With vintage Fender (and Gibson and Martin) prices heading steadily upwards since the middle of last year, the core models of Strats, Teles, Jazzmasters, Jaguars and Mustangs are rapidly being priced out of many player’s budgets, so this could well be your last chance to grab a genuine slice of history before it ends up as part of someone’s super fund portfolio.
Perfectly weighted, at just over 8lb, this is as chime-y and resonant a solid Alder body as you could wish for. Mated to a fantastic-playing solid Maple neck, topped with a dark Brazilian Rosewood fingerboard, (with clay dots*), the aged timbers all come together in probably the very nicest vintage Jag we’ve ever had in the door. Oh, yes, the Fiesta Red custom color also has something to do with that! Matching headstock, too.
PJ Harvey, Courtney Barnett, Tom Verlaine
From the special Jaguar pickups, with their staggered pole pieces, to the 3-ply celluloid scratchplate and Kluson Deluxe tuners, you’re looking at one of Leo Fender’s truly great creations. And great creations attract great names; PJ Harvey, Courtney Barnett, Tom Verlaine, Johnny Marr, Kurt Cobain, John Frusciante, Rowland S. Howard, Carl Wilson of the Beach Boys, Nels Cline, Sharon Van Etten… just some of the big name artists who have gravitated to Jaguars over the years.
Fender aficionados may notice the lack of Desert Sand undercoat in the couple of spots where the Fiesta Red is through to the timber, however, as Australian owned from new, back in the day, the majority of Fender instruments, (excluding Sunburst), arrived here “naked”. Apparently a customs loophole allowed unfinished instruments into the country at a substantially lower duty rate. The Fiesta Red finish here would have been done on a contract basis for the Australian importer, with undercoat that also appears to be Fiesta Red. (For the purists, there is no “paint stick” mark in the neck pocket)
With a neck date of November 1963, and pots from the 8th week of ’64, the guitar likely left the Fender plant in California sometime between late February and the end of March 1964, then onto a boat, and probably arriving Down Under five to seven weeks later.
Purchased in Perth thirty years ago by our consignment customer, the guitar has been unplayed for the last twenty, which has certainly contributed to its overall fabulous condition - including the frets! We’re not sure about the origins of the Son Volt sticker, or the great Kinky Friedman pick, which was tucked away in a corner of the case. Perhaps the Kinkster borrowed the Jag for one of his early Australian tours…?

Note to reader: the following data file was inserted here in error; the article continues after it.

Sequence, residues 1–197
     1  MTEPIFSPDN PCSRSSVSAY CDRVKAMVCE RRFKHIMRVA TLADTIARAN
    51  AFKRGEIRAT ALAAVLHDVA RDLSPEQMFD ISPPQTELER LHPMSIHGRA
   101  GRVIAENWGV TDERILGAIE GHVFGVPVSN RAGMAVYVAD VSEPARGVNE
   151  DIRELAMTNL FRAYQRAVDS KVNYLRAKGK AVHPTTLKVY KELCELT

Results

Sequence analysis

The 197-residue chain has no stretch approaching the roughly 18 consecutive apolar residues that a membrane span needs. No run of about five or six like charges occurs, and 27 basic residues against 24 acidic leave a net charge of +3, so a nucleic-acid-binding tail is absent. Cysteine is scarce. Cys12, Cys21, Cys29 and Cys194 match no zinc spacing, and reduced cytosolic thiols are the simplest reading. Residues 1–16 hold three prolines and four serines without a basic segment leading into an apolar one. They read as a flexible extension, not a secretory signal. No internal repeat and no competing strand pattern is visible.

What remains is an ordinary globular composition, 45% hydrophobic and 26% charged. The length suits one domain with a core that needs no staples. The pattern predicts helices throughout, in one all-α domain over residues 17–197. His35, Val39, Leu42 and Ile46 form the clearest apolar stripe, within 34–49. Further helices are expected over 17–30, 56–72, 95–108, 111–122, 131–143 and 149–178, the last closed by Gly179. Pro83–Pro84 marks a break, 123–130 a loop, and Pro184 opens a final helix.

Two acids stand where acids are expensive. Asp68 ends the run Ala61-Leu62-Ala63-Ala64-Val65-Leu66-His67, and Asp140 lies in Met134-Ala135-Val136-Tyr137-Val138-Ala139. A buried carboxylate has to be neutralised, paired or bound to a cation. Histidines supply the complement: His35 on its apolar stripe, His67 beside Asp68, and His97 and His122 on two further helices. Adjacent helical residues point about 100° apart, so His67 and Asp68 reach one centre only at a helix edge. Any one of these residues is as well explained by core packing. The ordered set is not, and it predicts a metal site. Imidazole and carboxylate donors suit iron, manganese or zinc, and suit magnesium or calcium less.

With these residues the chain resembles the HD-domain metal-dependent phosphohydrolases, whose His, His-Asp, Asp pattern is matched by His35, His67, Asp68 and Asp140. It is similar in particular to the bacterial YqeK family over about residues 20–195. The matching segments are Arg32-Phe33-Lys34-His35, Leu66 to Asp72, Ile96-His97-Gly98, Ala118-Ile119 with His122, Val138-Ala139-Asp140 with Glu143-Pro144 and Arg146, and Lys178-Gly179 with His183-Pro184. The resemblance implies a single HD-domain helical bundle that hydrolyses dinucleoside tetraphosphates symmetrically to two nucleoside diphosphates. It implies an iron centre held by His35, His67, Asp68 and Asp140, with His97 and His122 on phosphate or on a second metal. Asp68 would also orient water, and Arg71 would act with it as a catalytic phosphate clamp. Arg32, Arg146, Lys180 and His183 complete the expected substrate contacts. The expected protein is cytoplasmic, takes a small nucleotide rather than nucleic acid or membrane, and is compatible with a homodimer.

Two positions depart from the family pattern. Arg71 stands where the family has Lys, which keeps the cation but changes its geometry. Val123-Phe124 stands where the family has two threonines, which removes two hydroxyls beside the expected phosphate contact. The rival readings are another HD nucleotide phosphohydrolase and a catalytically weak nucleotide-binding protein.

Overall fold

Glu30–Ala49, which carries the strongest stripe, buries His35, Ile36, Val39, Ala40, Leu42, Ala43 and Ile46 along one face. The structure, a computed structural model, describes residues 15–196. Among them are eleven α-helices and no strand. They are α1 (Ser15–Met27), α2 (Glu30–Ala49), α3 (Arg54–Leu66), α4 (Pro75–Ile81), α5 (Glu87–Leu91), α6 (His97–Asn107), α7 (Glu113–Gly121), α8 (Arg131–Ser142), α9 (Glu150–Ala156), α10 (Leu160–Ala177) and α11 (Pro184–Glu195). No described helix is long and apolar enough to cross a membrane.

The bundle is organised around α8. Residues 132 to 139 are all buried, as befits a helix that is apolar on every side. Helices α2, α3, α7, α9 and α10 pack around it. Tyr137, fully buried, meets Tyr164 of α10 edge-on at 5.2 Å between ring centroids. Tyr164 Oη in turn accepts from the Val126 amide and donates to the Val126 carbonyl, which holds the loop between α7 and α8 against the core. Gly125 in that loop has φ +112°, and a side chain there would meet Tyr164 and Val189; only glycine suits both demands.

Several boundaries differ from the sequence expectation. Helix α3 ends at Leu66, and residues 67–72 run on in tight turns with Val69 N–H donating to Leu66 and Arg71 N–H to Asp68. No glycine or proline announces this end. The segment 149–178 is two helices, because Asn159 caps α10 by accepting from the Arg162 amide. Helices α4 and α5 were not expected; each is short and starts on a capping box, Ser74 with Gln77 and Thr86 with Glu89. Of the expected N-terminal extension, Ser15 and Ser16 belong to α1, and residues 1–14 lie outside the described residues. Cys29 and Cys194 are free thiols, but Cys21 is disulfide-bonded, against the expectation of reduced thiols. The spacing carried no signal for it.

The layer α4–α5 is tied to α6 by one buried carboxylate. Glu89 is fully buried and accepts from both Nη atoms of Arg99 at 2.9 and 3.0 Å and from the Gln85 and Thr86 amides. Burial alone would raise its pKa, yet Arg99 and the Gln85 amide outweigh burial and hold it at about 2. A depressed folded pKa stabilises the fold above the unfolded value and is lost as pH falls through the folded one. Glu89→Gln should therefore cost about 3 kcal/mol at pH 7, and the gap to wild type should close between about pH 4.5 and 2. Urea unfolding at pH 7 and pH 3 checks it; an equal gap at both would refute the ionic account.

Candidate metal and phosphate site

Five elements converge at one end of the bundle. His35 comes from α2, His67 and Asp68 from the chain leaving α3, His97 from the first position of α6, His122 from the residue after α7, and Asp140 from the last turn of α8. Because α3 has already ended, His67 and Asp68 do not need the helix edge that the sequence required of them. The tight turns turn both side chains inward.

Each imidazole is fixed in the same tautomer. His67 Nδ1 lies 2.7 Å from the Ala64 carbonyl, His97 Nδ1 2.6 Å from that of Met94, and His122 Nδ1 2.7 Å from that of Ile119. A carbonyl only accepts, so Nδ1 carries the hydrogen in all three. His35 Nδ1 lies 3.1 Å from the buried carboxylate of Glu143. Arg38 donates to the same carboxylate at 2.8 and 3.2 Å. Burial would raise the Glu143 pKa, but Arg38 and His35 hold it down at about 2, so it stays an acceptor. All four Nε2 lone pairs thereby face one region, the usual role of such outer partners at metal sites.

Original Australian case
Speaking of the case, this is the original Australian case. Along with that previously mentioned customs loophole for bare timber, due to the high shipping cost, most guitars in the fifties and sixties arrived in Australia without cases. One company in Sydney, and another in Melbourne, then provided “original” Australian cases. A tiny niche market has built up in the US for these.
Free courier delivery
Our sensational 1964 Fiesta Red Jaguar will add instant and enormous cool to your guitar rack. On stage, it will banish all other axes to that murky area behind the curtain. Girls and grown men will swoon in its presence. Our FREE COURIER DELIVERY to any address in Australia, will have it in your hands before you know it (Due to international restrictions on Brazilian Rosewood, this guitar cannot be shipped outside Australia)
PS: Want to know how all those Jaguar knobs and switches and dials work? Click HERE for a modern, but still applicable run through of the Jag’s controls.
*Clay dots were not actually clay, or even ceramic. There has never been a definitive answer from Fender, but it has been suggested that several different materials may have been used, including a somewhat vague-sounding “composite”, a trademarked product called Harvite, (used for poker chips and fifties/sixties hotel room tags), vulcanized fibreboard, and possibly Bakelite. Harvite is probably the one most likely candidate
Weight: 8lb 1½oz / 3.65kg